NAB Says Repack is Becoming Harder, More Complex


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The NAB has been predicting a shortage of tall tower crews, plus winter weather, will seriously impact some broadcasters’ ability to meet the FCC’s spectrum repack deadlines. Now, those predictions are coming true.

While Phase 1, which ended two weeks ago, was successful, with 79 full-power television stations meeting the deadline, 11 needed an FCC waiver. 

Those were placed in a different phase that will not impact other stations, NAB EVP Government Relations Curtis LeGeyt told lawmakers Tuesday. “This will not be the case moving forward,” as “the repack process becomes more complex.”

During a House Telecommunications Subcommittee hearing on Capitol Hill that included testimony on the repack, LeGeyt said those 11 stations could not move on time for reasons not under their control. He asked lawmakers to ensure the FCC applies a “fair” waiver standard to such stations, citing a lack of tall tower crews and weather delays. “We are looking for assurance that no station will be forced off the air, regardless of their inability to meet the deadline for circumstances outside their control.”  

The industry “will do everything in our power to do these moves as soon as possible,” said LeGeyt.

The story of two stations illustrates what broadcasters are up against. This April, a tower crew was reinforcing the nearly 2,000-foot KOZK-TV tower in Springfield, MO, to support a new antenna needed for the repack when the tower unexpectedly collapsed. The crew foreman crew was killed, and the remaining crew members sustained injuries, Inside Towers reported.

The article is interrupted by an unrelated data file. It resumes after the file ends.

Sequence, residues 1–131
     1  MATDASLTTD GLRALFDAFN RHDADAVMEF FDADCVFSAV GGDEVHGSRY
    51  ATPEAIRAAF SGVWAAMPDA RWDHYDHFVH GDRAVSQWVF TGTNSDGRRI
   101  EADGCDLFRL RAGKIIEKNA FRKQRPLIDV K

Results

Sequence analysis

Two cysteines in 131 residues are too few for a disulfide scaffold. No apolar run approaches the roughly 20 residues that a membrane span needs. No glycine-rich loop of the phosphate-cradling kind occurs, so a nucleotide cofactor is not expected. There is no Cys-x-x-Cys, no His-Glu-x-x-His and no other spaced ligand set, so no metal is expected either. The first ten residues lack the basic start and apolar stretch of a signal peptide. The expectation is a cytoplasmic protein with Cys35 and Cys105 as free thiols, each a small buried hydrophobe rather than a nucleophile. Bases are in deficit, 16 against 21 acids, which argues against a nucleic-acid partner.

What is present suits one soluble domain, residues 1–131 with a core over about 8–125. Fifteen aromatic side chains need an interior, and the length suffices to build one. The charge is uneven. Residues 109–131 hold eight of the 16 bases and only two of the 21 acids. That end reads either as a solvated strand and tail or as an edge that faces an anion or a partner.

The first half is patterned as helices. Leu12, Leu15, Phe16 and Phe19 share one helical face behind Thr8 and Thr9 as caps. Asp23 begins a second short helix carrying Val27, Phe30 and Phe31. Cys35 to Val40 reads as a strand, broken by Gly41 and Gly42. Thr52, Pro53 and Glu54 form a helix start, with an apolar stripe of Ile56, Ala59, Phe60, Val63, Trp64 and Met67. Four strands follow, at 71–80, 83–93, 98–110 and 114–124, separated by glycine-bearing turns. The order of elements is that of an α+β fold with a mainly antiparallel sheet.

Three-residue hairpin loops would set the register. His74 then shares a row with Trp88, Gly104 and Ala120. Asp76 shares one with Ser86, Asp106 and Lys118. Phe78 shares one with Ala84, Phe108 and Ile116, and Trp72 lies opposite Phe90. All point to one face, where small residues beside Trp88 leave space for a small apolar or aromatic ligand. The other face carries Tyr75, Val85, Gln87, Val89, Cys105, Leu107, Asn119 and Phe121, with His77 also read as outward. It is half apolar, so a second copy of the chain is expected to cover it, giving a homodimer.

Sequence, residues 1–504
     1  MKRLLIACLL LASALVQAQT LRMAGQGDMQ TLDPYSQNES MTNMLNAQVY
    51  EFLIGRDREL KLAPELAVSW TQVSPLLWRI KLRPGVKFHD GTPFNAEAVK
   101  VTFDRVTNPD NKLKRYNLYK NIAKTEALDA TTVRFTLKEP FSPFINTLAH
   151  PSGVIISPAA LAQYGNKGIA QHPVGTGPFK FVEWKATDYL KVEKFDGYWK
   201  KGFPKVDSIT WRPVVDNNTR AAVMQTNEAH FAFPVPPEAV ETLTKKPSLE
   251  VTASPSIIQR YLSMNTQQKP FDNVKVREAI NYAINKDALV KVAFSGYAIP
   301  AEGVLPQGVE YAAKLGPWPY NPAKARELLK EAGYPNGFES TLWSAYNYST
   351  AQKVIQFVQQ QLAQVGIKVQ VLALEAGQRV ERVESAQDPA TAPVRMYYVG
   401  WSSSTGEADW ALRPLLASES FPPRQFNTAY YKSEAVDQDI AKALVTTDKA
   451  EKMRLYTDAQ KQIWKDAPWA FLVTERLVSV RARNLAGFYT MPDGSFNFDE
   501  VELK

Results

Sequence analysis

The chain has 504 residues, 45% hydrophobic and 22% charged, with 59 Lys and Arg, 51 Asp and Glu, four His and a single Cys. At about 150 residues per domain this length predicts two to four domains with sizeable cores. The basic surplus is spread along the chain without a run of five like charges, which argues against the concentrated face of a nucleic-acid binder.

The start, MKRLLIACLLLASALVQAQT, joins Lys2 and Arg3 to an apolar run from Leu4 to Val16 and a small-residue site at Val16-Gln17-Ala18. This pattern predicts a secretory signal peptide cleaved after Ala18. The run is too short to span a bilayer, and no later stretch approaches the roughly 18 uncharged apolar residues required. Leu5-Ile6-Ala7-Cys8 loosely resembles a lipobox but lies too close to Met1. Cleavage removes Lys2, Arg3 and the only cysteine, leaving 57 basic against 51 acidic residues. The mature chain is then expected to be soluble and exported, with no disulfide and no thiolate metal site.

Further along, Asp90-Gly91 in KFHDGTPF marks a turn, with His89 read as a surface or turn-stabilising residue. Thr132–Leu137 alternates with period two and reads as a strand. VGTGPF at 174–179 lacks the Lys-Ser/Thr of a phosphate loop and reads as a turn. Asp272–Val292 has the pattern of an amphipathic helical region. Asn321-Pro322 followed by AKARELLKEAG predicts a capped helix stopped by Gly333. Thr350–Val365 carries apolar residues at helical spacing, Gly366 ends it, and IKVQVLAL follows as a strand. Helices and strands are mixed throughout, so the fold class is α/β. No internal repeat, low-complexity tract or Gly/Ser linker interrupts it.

KOZK operated for several months on interim facilities at lower power. It is currently sharing a tower with another station, which is a temporary solution, according to LeGeyt. He called it “amazing” the station was able to move, change frequencies and meet its repack deadline “given the horrific circumstances.”

The same crew that worked on KOZK was scheduled to work on the more than 2,000-foot KVLY-TV tower in Fargo, ND this fall. “KVLY faced a terrible decision: shut down their broadcast transmission on their existing channel and go off the air to comply with the FCC rule, or operate on an interim facility that would leave 30,000 viewers without their local news, weather and emergency information,” LeGeyt testified.

While KVLY received a waiver, broadcast tower workers are also sounding alarms about delays, citing unforeseen structural work and site failures, to name a few issues, according to LeGeyt. Comments? Email Us.”

By Leslie Stimson, Inside Towers Washington Bureau Chief

December 12, 2018               

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